The city of Sarasota is working diligently on a marketing and spending plan to get people to Payne Park, an underutilized city facility. In fact, the city is looking at many ways to attract people to the park, which since its opening four years ago has been a disappointment.
The park has 12 tennis courts, a skate park operated by a non-profit group, walking areas with fountains and a small auditorium. And it has a great history, opening in 1924 as a smaller version and serving as the home of Major League Baseball spring training for the Boston Red Sox, Chicago White Sox and New York Giants over the years. Part of it sits on a former mobile home park the city bought and tore down to expand the park in the 1990s, including creating the walking tracks.
But it remains not particularly popular.
So Mayor Suzanne Atwell is making it one of her top priorities to try to increase the number of people going to the park, and the City Commission seems to be on board. The city is adding a playground and more parking at a cost of up to $1.1 million. The city is also considering building a shade structure and is planning to install security cameras.
“I’m really excited about this,” Atwell told Sarasota Observer City Editor Rob Roy. “I’ve been talking about activity in the park for a long time.”
But you see, that is just the problem. Why?
Broken record time: Government should only be involved in those things that are necessities and the private sector will not do. Payne Park’s amenities are quite obviously not necessities, and the private sector already provides loads of other — better? — entertainment.
Just maybe the park is underutilized because people do not want to use it. They would rather do other things. If this were private enterprise and private dollars — not tax dollars — it would have been shut down, sold and a higher use found for the land.
Perhaps that is just what should happen with Payne Park. Don’t gasp, you handful of people who use the tennis courts or the skate park. Some will argue the skate park is important because it gives kids something to do — you know, to keep them off the streets or whatever. No. Wrong. That is dad and mom’s responsibility, not the city’s.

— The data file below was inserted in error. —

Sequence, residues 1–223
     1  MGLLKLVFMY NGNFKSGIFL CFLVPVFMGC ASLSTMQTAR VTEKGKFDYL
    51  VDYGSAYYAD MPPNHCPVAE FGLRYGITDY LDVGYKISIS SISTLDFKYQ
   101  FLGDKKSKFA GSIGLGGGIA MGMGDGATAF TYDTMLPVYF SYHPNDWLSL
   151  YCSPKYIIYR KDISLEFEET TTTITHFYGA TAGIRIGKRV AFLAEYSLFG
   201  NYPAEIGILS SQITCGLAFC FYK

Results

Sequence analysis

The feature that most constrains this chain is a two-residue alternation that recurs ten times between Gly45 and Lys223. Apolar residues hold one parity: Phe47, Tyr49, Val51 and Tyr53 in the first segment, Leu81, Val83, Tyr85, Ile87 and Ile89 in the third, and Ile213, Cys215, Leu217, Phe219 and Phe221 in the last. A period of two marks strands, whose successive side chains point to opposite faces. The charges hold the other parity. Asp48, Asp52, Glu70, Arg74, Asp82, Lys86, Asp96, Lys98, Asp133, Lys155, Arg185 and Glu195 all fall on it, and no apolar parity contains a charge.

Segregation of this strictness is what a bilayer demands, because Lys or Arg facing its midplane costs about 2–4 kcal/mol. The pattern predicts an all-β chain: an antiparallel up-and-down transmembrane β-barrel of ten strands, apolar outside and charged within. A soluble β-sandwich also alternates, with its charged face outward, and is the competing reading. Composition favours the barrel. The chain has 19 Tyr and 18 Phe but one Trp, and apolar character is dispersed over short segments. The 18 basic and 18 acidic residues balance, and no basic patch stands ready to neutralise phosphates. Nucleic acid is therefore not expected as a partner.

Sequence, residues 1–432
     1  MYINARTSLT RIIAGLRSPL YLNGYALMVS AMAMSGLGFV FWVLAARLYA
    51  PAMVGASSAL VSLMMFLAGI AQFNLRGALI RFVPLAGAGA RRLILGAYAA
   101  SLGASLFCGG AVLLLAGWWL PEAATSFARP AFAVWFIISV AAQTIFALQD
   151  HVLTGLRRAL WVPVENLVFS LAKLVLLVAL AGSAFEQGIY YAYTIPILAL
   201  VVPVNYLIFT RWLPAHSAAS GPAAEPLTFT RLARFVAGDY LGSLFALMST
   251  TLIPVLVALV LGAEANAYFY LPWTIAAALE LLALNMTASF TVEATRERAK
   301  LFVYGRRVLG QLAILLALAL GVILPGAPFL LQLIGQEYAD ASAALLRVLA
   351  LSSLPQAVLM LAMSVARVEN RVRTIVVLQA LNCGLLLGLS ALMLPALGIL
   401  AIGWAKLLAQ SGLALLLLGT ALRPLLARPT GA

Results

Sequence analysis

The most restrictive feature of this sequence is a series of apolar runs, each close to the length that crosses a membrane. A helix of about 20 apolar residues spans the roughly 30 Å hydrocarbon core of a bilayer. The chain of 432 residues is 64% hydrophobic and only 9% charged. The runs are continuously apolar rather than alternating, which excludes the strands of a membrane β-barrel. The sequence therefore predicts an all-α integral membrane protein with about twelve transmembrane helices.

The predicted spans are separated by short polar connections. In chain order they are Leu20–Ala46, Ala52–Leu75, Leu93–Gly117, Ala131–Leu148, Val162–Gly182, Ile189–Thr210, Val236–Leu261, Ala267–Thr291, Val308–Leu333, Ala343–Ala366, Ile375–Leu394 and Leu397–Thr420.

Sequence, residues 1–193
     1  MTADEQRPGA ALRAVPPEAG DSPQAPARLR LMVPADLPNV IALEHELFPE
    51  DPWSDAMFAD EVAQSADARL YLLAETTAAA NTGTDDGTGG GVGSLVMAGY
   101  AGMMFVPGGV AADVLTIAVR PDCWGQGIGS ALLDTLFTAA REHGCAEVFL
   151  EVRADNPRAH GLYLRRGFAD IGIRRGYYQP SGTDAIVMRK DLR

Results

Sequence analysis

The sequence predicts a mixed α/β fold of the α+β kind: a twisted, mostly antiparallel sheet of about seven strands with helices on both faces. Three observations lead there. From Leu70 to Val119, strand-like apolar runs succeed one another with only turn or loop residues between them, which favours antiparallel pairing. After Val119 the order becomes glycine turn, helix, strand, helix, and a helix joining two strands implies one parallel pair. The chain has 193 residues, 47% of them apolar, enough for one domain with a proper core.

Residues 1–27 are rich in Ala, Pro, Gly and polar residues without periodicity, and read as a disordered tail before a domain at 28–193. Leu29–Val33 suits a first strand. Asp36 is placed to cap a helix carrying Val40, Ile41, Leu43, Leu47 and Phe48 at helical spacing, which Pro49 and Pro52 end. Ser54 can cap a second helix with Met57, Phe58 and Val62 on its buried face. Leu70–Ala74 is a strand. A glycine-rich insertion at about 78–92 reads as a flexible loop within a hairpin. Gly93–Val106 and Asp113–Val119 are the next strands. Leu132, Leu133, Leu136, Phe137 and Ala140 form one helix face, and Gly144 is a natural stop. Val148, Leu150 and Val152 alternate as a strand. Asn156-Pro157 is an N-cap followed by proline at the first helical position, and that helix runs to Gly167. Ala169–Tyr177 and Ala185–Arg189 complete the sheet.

This is a good example of what is often referred to as “nanny government.” The city builds a park so bored kids won’t make bad decisions. Where are the parents?
Regardless, the market is not screaming that it wants this facility. As long as all these prime downtown acres are owned by the city, they are off the productive tax rolls — which would help everyone, not a few tennis players and skateboarders.
By continuing to pour tax money into the facility in capital and marketing, and by keeping it publicly owned, the city continues to create an unnecessary financial hardship on itself, its employees and its citizens — who apparently are not interested in the park.
+ Security sadly needed
That the City Commission feels the need for more security at commission meetings is a sad statement.
But as long as former Mayor Richard Martin trots homeless men with violent tendencies into the meetings to make a point — and the point being made is probably not the one Martin intended — the need is real.
The city currently has one police officer in the meeting, and that oficer rotates. The commission is looking at other security procedures, including having the same officer each time so that person is better prepared.
But it must also be said that Mayor Suzanne Atwell did not use her gavel much during that meeting, and a mayor must maintain control of a meeting. She wanted the job. She has to bang the gavel.
And maybe former officials will discontinue using dangerous tactics to make a political point.